Socialist Alliance activist and feminist Liah Lazarou gave the speech below to Adelaide’s Reclaim the Night rally on October 26.

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The billionaires and their corporate courtiers had a sneer and snigger fest when BHP Billiton, Xstrata and Rio Tinto informed the Tax Office they would pay zero mining tax for the first quarter of this financial year.

The federal Labor government's mid-year budget update downgraded the tax's forecast revenue from $13.4 billion over four years to $9.1 billion. But these mining giants told the media it was not clear how much, if anything, they would pay over the rest of the financial year.

What a sorry end to the mining super-tax profits saga.

Globally, millions of women experience violence — whether in the form of intimate partner violence, rape and sexual coercion, stalking, trafficking, forced prostitution, exploitation of labour, or other violations of women's bodies and psyches.

The high prevalence of violence against women both reflects and reinforces women's lower status in society.

To end the violence against women, we need to confront both the violence directly and the structural causes of women's lower standing that makes women vulnerable to the violence.

We've been told opportunity, prosperity and more freedoms came to Australia under the banner of capitalism and the “free-market” in the 1980s and 90s after the economic slump of two recessions.

But when neoliberal ideals and rhetoric are set aside, a grim picture of the great, and ever growing, divide between the rich and poor in Australia emerges yet again.

Between 1920 and 1980, inequality in Australia was shrinking, until a perceived sense of national stagnation took hold and the Hawke-Keating Labor government made the leap into the global free market.

The Australian parliament building reeks of floor polish. The wooden floors shine so virtuously they reflect the cartoon-like portraits of prime ministers, bewigged judges and viceroys. Along the gleaming white, hushed corridors, the walls are hung with Aboriginal art: one painting after another as in a monolithic gallery, divorced from their origins, the irony brutal. The poorest, sickest, most incarcerated people on earth provide a facade for those who oversee the theft of their land and its plunder.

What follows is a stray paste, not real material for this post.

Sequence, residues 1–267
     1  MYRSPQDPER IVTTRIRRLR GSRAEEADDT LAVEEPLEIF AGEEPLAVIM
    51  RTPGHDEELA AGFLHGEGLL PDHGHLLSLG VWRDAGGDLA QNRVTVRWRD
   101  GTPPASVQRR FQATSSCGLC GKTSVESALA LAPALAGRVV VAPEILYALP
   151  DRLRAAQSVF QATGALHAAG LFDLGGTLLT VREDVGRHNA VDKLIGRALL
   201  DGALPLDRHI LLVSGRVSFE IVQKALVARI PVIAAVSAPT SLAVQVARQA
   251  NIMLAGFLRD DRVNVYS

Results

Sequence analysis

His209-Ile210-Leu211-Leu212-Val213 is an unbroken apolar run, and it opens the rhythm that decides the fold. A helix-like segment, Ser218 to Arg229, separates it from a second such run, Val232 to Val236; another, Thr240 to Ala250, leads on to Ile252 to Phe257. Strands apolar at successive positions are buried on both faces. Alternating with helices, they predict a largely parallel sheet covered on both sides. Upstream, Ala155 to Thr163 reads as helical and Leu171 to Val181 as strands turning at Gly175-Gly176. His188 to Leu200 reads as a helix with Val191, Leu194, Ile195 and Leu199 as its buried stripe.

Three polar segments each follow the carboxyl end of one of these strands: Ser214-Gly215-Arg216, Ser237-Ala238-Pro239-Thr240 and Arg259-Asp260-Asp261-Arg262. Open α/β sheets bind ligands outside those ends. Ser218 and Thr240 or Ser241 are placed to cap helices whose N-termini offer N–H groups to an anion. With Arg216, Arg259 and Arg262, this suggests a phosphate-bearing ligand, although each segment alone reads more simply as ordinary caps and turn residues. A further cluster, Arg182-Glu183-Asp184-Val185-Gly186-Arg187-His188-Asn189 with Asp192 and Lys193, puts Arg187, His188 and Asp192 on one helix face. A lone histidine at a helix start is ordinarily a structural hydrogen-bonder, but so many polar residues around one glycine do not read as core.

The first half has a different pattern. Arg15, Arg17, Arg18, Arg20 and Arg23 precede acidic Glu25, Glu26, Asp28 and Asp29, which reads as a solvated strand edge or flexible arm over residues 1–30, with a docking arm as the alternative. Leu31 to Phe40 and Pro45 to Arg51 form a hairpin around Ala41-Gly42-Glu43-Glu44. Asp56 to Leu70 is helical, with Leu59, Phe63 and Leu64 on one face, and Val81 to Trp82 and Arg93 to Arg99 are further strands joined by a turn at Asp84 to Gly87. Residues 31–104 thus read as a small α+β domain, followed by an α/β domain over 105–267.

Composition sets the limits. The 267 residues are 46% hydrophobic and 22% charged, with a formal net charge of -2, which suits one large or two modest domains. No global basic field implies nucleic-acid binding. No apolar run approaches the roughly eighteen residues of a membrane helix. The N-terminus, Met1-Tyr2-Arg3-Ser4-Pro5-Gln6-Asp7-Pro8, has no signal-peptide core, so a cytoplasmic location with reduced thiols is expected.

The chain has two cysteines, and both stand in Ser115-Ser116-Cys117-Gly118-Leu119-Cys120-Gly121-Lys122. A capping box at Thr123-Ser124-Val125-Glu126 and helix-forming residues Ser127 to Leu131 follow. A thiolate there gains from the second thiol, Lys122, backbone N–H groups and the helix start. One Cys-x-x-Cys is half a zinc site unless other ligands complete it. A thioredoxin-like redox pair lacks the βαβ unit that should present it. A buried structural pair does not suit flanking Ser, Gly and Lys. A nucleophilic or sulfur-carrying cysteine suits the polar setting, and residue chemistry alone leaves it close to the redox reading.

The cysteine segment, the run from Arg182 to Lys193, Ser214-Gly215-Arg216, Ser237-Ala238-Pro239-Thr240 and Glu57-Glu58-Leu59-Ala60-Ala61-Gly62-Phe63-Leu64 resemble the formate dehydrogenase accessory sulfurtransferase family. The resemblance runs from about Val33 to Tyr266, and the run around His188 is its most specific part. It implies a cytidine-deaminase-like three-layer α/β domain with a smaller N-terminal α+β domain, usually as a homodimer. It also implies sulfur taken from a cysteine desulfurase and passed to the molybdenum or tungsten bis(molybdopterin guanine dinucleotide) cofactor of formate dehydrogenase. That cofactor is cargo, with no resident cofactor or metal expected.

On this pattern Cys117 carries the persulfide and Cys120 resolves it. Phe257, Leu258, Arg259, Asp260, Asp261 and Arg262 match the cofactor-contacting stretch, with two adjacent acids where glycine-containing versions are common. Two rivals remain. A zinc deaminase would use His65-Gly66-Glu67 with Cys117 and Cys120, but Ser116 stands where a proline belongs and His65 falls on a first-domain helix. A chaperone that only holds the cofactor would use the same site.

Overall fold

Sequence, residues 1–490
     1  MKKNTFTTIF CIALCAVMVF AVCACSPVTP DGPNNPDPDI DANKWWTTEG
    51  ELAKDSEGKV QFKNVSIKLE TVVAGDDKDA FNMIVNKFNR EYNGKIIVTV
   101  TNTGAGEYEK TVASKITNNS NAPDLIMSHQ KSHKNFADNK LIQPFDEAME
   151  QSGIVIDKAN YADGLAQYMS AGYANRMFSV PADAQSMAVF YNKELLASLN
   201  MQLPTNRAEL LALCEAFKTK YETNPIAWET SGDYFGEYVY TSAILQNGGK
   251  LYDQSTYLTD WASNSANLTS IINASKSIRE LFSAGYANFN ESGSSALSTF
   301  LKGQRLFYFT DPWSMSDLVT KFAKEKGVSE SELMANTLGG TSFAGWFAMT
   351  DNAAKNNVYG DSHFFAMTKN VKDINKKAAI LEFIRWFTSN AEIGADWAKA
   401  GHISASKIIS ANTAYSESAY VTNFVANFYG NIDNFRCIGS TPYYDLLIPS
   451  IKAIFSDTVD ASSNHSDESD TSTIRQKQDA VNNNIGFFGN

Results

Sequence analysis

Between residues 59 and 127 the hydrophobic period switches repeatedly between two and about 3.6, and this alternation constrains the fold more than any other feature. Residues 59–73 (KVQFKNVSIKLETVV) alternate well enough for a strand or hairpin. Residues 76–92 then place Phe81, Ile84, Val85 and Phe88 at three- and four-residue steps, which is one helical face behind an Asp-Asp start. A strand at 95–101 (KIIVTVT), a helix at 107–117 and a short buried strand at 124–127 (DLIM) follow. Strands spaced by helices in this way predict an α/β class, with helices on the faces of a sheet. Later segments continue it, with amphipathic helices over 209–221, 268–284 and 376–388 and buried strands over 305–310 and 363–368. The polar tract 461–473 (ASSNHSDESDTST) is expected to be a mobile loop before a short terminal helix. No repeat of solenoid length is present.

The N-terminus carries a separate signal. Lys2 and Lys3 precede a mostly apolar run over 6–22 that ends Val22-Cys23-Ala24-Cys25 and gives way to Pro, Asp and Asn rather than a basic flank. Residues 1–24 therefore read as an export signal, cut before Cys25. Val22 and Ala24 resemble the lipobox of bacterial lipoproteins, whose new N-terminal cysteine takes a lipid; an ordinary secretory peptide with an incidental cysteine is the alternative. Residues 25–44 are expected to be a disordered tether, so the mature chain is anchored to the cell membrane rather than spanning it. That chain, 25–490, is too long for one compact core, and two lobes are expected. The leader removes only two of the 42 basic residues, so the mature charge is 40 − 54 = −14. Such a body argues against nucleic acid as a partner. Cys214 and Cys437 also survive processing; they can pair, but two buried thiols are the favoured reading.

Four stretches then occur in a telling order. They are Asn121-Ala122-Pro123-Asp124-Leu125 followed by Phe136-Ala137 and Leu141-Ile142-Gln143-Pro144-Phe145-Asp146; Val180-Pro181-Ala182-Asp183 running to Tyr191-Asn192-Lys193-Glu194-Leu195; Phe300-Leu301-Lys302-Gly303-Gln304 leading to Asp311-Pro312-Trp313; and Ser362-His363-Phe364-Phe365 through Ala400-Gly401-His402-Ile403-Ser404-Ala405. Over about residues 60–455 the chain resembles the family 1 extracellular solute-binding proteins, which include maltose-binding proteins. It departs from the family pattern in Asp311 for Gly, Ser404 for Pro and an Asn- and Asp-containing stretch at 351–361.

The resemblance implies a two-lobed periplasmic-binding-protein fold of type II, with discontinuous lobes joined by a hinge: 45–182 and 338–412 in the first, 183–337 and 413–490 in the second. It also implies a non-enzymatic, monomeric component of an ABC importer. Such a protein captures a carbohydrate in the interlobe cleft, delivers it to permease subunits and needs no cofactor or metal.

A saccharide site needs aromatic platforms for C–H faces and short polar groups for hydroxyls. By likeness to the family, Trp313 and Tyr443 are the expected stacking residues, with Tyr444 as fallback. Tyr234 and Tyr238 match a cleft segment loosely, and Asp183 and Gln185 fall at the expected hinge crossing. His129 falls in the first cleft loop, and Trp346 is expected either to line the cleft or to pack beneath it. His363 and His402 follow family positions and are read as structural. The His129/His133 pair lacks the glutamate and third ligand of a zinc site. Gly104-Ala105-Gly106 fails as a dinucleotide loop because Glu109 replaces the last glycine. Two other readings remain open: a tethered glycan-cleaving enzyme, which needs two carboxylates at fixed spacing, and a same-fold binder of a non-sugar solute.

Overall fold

Feminist and Socialist Alliance activist Margarita Windisch gave the speech below at Melbourne’s Reclaim the Night rally on October 20.

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A big thank you to the Reclaim the Night 2012 collective for organising today and giving us the opportunity to get our voices heard in public

Tonight is our night — we are here to reclaim the night and our right as women to fully participate in this society of ours without the fear of sexual violence — here on Sydney Rd, all over Australia and across the world.

In a startling but not unexpected backflip, Queensland Premier Campbell Newman gave the green light to uranium mining on October 22, lifting a decades-long ban on the destructive industry.

Culture

Fallout From Fukushima
By Richard Broinowski
Scribe, 2012
273 pages , $27.95 (pb)

The Fukushima nuclear disaster in Japan last year was no accident, says Richard Broinowski in Fallout from Fukushima.

Sitting a nuclear reactor on an “active geological fault line where two of the earth’s tectonic plates collide” was courting catastrophe from an earthquake and tsunami like the one that duly hit the Pacific in March last year.

Operation 8: Deep in the Forest
Directed by Errol Wright & Abi King-Jones
CutCutCut Films
www.cutcutcut.com

Operation 8 is an emotive, shocking, disturbing, informative and captivating documentary on the 2007 “anti-terror” raids that took place across in New Zealand targetting Maori activists. The film is essential viewing for indigenous peoples fighting for sovereignty, their supporters and activists in general.

The Sacrifice
By Bruce Mutard
Allen & Unwin, 2012
Paperback, 252 pages

I don't know about you, but Australia's World War II years are obscured in my mind by a melange of family reminiscences and ad hoc snippets of history.

My parents were of the generation caught up in the war effort locally and offshore, so the family album began life with pics of folk in khaki.

Us baby boomers were delayed sprogs of them days. But as far as I was concerned, and those of my generation, them days were their's not mine.